Nigel Haigh has provided a great contribution in developing and explaining eu environmental policy with his long career as member and leader of the ieep and as member of the Board of the European Environmental Agency and of the Environmental Agency (England and Wales). All environmental law and policy experts have read his work. His book, ‘eec Environmental Policy & Britain – An Essay and A Handbook’, from 1984 was one of the first books I read for my dissertation (Lorenzo Squintani, ‘Gold-Plating of eu Environmental Law’, 2013). Covering the general topic of gold-plating, I was looking for a better insight of the background of eu environmental law and policy, to integrate the general knowledge provided by the standard works of Jans and Vedder, ‘European Environmental Law’, and Krämer, ‘eu Environmental Law’. Haigh’s book offered me exactly that.
Earthscan from Routledge 2016, p. 214.
This new book provides once again a comprehensive overview of eu environmental law and policy. It collects, updating them, various contributions written by Haigh over his long career touching about a broad range of eu environmental topics: Cooperation with third countries (Chapter 2), sustainable development (Chapter 3), air quality (Chapter 4), water management (Chapter 5) chemicals (Chapter 7), integration pollution control (Chapter 8), climate change (Chapter 9), science and policy (Chapter 10), subsidiarity (Chapter 12), precaution (Chapter 13) and better regulation (Chapter 14).
The light narrative style combined with the insights of an expert who worked at the core of environmental policy making at both eu and national level makes Haigh’s new book an important starting point for post graduate students who are looking to enrich their general understanding of eu environmental policy and law.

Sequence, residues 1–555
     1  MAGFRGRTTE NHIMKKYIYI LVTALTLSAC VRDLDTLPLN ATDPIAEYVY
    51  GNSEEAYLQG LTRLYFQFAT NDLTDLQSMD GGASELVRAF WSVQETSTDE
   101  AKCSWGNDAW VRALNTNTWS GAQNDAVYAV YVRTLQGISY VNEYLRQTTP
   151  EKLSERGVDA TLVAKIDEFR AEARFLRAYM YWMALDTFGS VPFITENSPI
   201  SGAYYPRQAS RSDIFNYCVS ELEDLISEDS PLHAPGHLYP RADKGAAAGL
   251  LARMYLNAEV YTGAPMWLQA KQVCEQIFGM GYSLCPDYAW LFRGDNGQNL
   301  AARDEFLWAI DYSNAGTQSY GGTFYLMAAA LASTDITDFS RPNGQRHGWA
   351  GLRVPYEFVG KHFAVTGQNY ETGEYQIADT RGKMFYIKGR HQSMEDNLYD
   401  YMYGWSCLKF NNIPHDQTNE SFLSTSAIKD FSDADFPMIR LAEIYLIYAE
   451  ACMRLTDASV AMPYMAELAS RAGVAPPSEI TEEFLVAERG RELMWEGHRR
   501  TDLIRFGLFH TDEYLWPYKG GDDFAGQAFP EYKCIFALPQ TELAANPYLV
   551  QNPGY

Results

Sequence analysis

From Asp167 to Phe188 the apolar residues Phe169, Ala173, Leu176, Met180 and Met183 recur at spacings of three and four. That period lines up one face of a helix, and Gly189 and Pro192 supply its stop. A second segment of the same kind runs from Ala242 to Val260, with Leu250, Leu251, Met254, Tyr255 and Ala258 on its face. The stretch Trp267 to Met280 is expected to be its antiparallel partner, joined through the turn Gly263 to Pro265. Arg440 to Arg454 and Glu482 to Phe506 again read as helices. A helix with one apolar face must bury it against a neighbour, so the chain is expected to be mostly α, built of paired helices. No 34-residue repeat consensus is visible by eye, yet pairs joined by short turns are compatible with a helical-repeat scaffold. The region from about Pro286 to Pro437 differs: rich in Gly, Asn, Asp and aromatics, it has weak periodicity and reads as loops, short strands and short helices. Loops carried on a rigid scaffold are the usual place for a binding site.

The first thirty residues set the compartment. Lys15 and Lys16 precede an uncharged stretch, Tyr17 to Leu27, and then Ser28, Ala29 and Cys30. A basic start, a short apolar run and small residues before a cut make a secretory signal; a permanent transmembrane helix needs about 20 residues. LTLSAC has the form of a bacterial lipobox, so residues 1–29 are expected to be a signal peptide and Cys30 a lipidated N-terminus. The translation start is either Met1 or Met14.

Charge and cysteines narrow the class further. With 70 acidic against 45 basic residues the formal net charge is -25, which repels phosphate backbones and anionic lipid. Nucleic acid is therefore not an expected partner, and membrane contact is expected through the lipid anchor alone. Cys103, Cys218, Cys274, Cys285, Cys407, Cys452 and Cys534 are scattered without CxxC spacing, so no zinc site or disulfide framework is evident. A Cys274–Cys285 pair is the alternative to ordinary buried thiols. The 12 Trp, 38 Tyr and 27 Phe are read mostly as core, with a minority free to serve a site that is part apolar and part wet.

In this regard, the fact that old contributions are reproduced in this volume offers an unique opportunity to read details about important policy-development moments the memory of which risks getting lost. Chapter 1, for example, is like a time machine that brings the reader back to the very beginning of eu environmental policy, when Jacques Delos challenged Carlo Ripa di Meana to transform a patchwork of regulatory acts into a proper policy.
It is Haigh’s mastery of the dialogue taking place among the eu and national policy makers that makes this book a valuable addition to any academic library. It is only after having understood the past that we can understand the present and forecast the future.
Besides, when reading the various chapters of this book, the eu motto ‘United in Diversity’ shows its plurality of meanings. Clearly, it does not only mean that eu environmental law establishes common minimum standards, while allowing Member States to retain or introduce standards deviating from the eu ones, as long as they comply with the eu minimum. As also underlined by Squintani and Vedder with Reese and Vanheusden in the first eelf book, ‘Sustainable Energy United in Diversity’, from 2014, this motto means much more. Haigh’s new book confirms that ‘United in Diversity’ also means that the strength and quality of environmental law and policy in Europe benefits from the dialectic process established by the dialogue among Member States’ representatives and eu officials.
This confirmation assumes a tragi-comic taste at time of Brexit, as also revealed by Haigh’s opinion in the previous jeepl issue of this year.